While in the marketplace of mirrorless cameras, a slower camera, with a second rate AF system (its literally the secondary focusing system derived from its DSLR siblings) and limited native lens support, again, its a bad consumer recommendation, but perhaps not bad for a photographer. I think that point was missed in the review.

    The one bit that I overwhelmingly disagreed with was the dismissal of the bounce flash as a gimmick.. I just shot in a bar and wifi transferred over 200 photos, with “bounce” flash on a single battery I might add. It was all candids for a friends birthday that normally would have meant me schlepping my 5D, maybe a pancake 40mm and the flash, looking like an even photographer, and not a guest. Instead I had an “EOS-in-powershot” clothing with the M3. I shot RAW monochrome the whole night, 1600-6400 iso, tilting that flash toward in most cases a black ceiling, giving me this soft beautiful toplight that brought oohs and ahhhs from people. Folks asked me if I wanted a picture? I just tilted the screen up, pointed the camera toward us with the kit 22mm I got 3 years ago, again, tilting that flash to the ceiling and again… oohs and aaahhhs.. People asked what kind of camera it was.. I told them its only available in japan… they wondered why. They thought the camera was great… truth is it was a combination of photographer and camera.

    As a consumer product, the M3 may hit or miss. What the guests at the party didn’t know, was I spent hours reading the manual, practicing with the AF, weighing weakness and failures, and strengths. They didn’t know that I walked into the bar knowing EXACTLY how I was going to shoot the event. Not take snapshots but photograph the event.. in a little camera that looks like a point and shoot. They would think that just buying the camera would allow them to take those photos. It won’t. An iPhone or android camera does that and it does it really well. I shot some iPhone photos that night and it was faster than the M3. That experience is what people as consumers respond to. Now if you can invent a camera that fast but that gets results like I did with the EOS, then you have yourself a winner. The Sony’s and fuji’s come close to that. iPhone’s duo color flash replaces the gelling one would do for tungsten interiors. Again, very close but not the same as a photographers eye. In that scenario, the EOS-m platform gives me a bounce-able flash, interchangeable lens, autofocusing, High MP/IQ, modern WIFI/connectivity, tillable screen, EVF capable, experimental lens friendly camera in a small package that allows me to stealthy shoot, albeit slower, almost just like I shoot with a DSLR. It allows me to be a photographer with a small, portable, stealthy camera, and I think that has yet to be said.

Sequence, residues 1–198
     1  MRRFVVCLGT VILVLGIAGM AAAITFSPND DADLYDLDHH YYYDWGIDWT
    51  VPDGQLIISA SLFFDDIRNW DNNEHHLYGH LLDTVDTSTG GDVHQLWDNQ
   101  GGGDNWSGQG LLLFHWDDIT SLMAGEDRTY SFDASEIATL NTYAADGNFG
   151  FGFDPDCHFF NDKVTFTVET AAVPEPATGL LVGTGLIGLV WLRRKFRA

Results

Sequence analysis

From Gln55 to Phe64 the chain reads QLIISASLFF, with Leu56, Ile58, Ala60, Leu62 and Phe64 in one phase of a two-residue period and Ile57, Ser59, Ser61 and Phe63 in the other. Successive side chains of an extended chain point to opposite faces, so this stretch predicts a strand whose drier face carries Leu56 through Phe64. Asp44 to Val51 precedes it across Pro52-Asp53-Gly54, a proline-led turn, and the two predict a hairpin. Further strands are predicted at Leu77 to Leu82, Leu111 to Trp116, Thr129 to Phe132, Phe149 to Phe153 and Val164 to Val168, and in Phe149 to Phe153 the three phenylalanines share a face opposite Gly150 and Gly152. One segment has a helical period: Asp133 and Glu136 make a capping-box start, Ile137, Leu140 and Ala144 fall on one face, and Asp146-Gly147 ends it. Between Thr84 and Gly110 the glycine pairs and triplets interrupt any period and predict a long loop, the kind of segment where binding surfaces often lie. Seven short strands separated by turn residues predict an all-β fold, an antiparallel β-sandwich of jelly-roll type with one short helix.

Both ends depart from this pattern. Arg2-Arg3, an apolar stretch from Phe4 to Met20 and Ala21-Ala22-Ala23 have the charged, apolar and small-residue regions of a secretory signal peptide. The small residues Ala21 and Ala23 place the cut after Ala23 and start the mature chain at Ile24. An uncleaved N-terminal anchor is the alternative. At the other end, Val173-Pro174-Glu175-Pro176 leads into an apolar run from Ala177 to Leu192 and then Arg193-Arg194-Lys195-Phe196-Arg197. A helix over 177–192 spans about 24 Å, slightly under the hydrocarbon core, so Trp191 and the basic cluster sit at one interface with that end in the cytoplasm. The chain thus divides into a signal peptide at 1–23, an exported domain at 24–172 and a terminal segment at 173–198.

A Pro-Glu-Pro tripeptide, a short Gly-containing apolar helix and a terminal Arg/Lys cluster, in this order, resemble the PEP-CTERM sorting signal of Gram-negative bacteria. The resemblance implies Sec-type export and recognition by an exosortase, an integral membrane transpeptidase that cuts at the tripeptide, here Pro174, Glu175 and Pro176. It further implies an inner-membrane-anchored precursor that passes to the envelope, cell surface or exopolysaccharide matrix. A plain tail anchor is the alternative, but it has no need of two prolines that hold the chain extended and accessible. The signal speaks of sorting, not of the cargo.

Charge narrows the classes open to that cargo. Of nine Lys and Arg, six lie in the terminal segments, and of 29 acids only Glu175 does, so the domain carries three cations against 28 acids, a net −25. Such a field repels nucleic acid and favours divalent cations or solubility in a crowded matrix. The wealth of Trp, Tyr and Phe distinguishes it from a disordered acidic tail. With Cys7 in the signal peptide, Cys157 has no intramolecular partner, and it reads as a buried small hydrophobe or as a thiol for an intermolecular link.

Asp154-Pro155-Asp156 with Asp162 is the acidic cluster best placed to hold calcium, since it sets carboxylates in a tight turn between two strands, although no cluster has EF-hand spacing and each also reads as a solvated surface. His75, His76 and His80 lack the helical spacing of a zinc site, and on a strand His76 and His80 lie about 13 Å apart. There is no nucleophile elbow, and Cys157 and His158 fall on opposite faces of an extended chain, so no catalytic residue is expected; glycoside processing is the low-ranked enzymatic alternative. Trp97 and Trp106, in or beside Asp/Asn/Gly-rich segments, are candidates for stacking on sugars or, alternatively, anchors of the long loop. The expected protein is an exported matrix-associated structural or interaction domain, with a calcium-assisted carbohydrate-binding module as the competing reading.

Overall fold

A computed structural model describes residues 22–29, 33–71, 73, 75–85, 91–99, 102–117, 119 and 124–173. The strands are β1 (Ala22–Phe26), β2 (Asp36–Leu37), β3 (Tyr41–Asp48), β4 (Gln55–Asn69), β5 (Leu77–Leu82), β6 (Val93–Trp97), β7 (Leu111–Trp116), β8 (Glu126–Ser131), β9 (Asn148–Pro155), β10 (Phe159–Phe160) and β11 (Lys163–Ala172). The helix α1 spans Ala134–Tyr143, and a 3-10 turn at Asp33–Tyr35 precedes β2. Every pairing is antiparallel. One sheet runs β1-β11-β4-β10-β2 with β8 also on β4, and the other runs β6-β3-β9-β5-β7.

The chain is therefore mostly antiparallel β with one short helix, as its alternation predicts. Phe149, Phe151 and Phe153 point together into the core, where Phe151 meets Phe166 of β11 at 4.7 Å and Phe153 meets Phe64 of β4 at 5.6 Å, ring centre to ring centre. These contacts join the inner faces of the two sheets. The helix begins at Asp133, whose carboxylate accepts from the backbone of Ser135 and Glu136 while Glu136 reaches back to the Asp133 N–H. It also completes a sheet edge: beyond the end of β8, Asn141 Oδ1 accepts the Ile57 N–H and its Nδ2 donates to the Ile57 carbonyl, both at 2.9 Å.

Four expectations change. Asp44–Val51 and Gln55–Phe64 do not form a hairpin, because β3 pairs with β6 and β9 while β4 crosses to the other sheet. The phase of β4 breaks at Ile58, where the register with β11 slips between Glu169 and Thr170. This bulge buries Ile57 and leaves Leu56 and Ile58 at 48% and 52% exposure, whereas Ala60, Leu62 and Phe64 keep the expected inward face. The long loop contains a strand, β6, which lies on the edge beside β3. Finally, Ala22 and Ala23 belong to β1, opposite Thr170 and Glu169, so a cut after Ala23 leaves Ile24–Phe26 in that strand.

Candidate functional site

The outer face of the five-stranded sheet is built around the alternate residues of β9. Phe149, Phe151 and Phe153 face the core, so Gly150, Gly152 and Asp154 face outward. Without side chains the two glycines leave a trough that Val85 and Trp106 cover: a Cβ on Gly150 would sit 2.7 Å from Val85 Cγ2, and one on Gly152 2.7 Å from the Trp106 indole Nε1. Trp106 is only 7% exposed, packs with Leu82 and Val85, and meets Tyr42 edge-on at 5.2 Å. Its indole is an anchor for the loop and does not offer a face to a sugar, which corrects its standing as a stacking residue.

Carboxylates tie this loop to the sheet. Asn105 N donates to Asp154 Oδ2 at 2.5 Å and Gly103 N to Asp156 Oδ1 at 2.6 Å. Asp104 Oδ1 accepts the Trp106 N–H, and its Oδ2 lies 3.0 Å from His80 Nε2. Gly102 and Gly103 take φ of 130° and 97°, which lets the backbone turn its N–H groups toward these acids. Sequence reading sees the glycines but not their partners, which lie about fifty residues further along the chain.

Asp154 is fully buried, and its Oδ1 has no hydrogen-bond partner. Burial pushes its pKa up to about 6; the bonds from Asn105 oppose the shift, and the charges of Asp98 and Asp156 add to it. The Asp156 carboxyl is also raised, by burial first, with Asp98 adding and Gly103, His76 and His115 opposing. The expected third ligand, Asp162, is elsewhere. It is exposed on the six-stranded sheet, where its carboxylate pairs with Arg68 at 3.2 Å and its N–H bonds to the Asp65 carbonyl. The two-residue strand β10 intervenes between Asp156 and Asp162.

3. How soon they forget. I think you are too weighted on lens availability. Newer systems need some time to build a catalog. Sony still doesn’t have any “interesting” lenses for the A7 series. Fuji is just barely there. Samsung hasn’t filled out their S line.